Presented in Venice by Lisson Gallery on the occasion of the 14th International Architecture Biennale and produced with Berengo Studio is Genius Loci, an exhibition of sculpture and installation that goes beyond the museum or gallery space, addressing instead the complex spheres of the public realm and the built environment. By existing beyond the walls, public art can help defne the character of its location, either functioning harmoniously or in dialogue with the architecture or landscape it inhabits. As experienced commissioners of large-scale contemporary art, curators from the Lisson Gallery, in association with Berengo Studio, are displaying a range of major pieces by 19 artists, both inside and outside the historic Venetian Palazzo Franchetti. The show includes models, sculptures, drawings and projects by Spencer Finch, Anish Kapoor, Ai Weiwei, Daniel Buren, Lawrence Weiner, Shirazeh Houshiary and Lee Ufan, among others, all of whom have made signifcant contributions to art in the public domain through works that challenge, complement or elucidate their surroundings. In turn, these proposals, situations and sculptures – some unrealised, some temporary, some permanent – should allow us to better appreciate, contemplate and understand the world around us. 'Genius Loci – Spirit of Place,' co-produced by Lisson Gallery and Berengo Studio, is on view until November 23rd at Palazzo Franchetti, Venice. Text Lisson Gallery and photo Ken Adlard
Just five years after his arrival in 1920 to Los Angeles from Frank Lloyd Wright’s Chicago office, architect R.M. Schindler completed the How House for Dr. James How, a psychotherapist who had moved from St. Louis to Los Angeles. The interlocking volumes, cubic form, and repeating geometric lines of the How House demonstrate the close relationship of the origins of Southern California modernism to the work of European architects, such as Adolf Loos and J.J.P Oud. Schindler felt that the location of the house on a ridge blocked the natural vista, and thus he blended the How House with the landscape by pushing vertically up from the ridge and extending horizontally out with multiple terraces, including a roof terrace. Due to the ridge’s steep grade, the house required a limited footprint, which Schindler approached by creating two separate geometric portions, the upper in California redwood battens stained green-grey to match the existing eucalyptus trees on the site and the lower in “slab-cast” concrete that was horizontally scored to visually unite the two materials. This geometry not only defines the exterior of the structure, with its horizontal battens and vertical rise from the hillside, but also its interior forms which layer upon one another at opposing right angles, clerestory windows, varying ceiling heights, a characteristic wrapping wall plate at door head height, and a continuous pattern of horizontal lines. A double-winged entry at street level leads to a piano nobile featuring a living room, dining room, and study, which rests above the lower-level bedrooms. Two large outlook corner windows in the living room create a diagonal bilateral flow, and offer views of the urban basin towards the west and the Los Angeles River to the east. Interior glass partitions framed in wood connect interior spaces with one another to offer open views throughout the house to exterior spaces, and a skylight on the living room terrace gives natural light to an otherwise dark downstairs corridor. Photo Jessie Askinazi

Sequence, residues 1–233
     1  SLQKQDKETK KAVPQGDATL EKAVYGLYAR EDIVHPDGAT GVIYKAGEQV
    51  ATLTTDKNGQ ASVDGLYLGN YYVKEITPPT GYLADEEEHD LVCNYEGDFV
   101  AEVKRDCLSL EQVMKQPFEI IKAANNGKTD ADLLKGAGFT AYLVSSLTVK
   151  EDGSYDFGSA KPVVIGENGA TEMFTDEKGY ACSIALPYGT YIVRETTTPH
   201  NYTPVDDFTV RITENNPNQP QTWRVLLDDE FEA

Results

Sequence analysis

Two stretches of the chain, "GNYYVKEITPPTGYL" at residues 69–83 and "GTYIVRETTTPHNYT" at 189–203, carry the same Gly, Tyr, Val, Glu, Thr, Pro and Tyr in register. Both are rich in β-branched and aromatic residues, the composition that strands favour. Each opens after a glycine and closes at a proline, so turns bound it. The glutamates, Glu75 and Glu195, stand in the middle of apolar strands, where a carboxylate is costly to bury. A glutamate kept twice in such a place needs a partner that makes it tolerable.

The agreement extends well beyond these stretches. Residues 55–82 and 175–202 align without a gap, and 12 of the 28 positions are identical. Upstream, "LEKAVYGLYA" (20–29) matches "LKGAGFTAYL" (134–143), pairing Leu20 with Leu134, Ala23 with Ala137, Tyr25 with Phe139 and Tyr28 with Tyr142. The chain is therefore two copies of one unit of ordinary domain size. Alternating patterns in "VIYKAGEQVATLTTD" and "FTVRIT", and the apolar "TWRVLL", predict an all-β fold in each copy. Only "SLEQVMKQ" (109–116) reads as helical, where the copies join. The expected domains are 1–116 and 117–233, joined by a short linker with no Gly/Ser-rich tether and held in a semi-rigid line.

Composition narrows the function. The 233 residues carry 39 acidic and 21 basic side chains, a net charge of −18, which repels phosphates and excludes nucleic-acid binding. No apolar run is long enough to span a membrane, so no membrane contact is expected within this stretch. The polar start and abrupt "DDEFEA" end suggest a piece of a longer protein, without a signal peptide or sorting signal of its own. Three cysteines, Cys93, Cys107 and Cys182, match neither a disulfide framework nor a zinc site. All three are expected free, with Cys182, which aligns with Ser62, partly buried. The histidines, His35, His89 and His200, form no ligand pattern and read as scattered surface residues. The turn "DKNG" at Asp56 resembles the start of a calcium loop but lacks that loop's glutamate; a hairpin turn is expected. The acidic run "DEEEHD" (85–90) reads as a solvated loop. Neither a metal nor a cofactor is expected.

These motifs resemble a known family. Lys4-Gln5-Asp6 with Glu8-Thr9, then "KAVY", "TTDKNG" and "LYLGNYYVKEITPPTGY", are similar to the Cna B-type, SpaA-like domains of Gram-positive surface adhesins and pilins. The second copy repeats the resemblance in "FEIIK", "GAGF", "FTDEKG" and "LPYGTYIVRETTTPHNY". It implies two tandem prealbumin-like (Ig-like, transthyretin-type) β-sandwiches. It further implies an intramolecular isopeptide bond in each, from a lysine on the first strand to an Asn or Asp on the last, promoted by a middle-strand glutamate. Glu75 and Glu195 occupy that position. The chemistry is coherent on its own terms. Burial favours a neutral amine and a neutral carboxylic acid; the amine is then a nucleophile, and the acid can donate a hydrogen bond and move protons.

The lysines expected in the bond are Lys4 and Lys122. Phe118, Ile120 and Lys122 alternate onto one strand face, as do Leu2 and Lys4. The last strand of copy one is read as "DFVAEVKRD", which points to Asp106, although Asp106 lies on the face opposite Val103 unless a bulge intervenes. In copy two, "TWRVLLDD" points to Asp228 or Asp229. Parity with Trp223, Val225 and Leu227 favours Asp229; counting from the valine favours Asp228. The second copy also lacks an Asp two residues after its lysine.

The staircase at the Hotel Hermitage Monte-Carlo, Monaco. Photo Olivier Zahm
The Villa Savoye is considered by many to be the seminal work of the Swiss architect Le Corbusier. Situated at Poissy, outside of Paris, it is an iconic architectural example of early modernism, the so-called International Style. The house addressed "The Five Points", Le Corbusier's basic tenets of a new aesthetic of architecture:
1/ Support of ground-level pilotis, elevating the building from the earth and allowed an extended continuity of the garden beneath.
2/ Functional roof, serving as a garden and terrace, reclaiming for nature the land occupied by the building.
3/ Free floor plan, relieved of load-bearing walls, allowing walls to be placed freely and only where aesthetically needed.
4/ Long horizontal windows, providing illumination and ventilation.
5/ Freely-designed facades, serving only as a skin of the wall and windows and unconstrained by load-bearing considerations.
Photo Anna-Sophie Berger
The Rockefeller Center at night, New York. Photo Olivier Zahm